US court restores execution of Lisa Montgomery

A US appeals court reversed the moratorium on the death penalty issued last week against Lisa Montgomery, the only federal prisoner sentenced to lethal injection in the country, and who will be executed on January 12.

Montgomery was convicted of a brutal crime perpetrated in 2004, in which she murdered a pregnant woman, and opened her womb to keep her unborn child, who survived the attack.

Montgomery’s attorney, Meaghan VerGow, said she intends to appeal in full the decision of the Court of Appeals for the District of Columbia and insisted that the woman suffers from a serious mental disorder after years of being abused by her parents.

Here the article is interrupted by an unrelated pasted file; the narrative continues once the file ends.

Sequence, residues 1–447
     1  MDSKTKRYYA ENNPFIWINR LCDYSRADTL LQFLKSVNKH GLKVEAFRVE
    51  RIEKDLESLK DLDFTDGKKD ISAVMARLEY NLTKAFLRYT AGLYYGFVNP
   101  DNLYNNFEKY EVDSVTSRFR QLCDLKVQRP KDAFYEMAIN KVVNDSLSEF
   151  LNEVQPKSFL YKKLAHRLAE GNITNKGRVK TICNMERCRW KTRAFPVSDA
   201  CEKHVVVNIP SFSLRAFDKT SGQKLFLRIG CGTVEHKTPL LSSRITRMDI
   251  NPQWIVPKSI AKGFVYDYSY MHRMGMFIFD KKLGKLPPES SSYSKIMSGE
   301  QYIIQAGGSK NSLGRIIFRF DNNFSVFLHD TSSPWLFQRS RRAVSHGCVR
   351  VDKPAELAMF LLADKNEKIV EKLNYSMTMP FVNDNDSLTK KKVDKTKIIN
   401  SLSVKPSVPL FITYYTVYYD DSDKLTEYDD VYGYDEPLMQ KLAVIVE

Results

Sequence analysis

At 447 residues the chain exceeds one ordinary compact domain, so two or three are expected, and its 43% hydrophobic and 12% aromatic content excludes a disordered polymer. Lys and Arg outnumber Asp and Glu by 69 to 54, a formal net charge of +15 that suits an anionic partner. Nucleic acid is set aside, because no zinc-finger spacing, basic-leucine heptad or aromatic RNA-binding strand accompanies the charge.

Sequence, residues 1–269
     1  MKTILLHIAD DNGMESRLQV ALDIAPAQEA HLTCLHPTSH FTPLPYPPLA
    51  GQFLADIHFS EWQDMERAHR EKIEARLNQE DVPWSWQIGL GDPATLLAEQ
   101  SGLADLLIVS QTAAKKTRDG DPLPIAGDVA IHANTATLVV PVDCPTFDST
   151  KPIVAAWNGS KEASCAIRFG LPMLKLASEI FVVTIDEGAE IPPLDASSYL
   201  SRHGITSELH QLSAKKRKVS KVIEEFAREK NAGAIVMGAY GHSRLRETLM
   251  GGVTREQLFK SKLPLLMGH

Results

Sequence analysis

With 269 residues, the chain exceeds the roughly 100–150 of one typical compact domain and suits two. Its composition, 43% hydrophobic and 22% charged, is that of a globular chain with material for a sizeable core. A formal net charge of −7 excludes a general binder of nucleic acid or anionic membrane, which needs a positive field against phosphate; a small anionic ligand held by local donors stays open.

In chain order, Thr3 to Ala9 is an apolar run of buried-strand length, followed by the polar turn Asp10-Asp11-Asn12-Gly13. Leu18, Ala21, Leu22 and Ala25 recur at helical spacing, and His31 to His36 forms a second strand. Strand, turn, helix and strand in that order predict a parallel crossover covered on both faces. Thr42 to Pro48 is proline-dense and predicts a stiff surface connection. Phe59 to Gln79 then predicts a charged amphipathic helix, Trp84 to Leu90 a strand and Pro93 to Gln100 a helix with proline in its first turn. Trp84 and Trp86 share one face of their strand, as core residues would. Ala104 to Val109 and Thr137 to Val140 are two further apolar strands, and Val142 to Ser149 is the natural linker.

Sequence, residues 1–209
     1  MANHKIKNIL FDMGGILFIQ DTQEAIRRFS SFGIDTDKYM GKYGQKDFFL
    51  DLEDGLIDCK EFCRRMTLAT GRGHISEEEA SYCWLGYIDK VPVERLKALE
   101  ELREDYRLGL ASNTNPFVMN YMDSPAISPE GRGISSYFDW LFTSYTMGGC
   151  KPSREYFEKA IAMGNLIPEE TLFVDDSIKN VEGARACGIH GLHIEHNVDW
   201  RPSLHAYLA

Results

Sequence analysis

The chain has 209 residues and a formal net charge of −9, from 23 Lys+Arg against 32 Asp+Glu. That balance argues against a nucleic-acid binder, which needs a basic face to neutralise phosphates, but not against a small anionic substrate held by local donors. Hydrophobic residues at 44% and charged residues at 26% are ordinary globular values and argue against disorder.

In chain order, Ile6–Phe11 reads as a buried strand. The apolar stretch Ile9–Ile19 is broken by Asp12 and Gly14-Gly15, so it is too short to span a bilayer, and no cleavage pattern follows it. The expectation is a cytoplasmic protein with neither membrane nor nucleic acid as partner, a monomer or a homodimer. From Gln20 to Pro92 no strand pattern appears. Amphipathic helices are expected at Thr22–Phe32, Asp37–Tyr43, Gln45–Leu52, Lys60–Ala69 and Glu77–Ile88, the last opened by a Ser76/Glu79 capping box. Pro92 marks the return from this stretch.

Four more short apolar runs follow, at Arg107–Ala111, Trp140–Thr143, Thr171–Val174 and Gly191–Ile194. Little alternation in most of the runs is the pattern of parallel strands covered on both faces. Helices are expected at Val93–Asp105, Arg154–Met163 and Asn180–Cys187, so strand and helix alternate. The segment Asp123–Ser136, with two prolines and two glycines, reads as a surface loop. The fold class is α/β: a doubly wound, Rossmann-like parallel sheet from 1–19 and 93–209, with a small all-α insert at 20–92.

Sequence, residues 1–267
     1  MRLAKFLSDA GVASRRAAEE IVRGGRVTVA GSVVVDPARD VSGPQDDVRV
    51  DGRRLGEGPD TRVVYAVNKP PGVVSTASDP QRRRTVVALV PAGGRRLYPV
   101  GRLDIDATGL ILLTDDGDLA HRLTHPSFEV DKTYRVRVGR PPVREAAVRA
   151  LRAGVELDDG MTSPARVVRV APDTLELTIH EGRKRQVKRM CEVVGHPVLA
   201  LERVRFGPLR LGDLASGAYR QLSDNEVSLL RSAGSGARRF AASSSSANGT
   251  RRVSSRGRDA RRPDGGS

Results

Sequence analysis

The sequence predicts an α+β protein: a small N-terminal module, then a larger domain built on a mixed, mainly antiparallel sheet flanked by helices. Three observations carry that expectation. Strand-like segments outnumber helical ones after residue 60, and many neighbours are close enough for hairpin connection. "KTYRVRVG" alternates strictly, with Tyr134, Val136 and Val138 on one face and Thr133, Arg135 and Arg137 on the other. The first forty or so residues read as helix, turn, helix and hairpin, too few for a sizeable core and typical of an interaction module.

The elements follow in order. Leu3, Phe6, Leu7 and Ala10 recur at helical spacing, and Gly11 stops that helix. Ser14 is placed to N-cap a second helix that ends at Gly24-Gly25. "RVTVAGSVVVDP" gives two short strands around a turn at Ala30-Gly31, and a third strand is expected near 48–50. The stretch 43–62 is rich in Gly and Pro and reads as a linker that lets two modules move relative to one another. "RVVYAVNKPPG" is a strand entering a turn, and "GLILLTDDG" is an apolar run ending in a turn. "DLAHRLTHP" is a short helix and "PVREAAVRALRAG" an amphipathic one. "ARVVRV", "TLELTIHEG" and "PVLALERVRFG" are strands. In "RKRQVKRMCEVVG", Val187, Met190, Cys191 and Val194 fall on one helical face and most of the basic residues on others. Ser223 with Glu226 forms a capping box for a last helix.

“Given everything we know about Lisa Montgomery, about her mental illness and about the life of horrible trauma she has suffered, we do not see a logical reason for her execution,” VerGow said in a statement, which has asked US President Donald Trump , to issue a clemency order.

The United States resumed executions at the federal level, independent of those carried out in each state, last July by order of the country’s attorney general, William Barr, after a 16-year moratorium.

Barr argued that federal executions are contemplated by Congress and the latest ones are directed against “those responsible for the murder, and sometimes torture and rape, of the most vulnerable in society, children and the elderly.”


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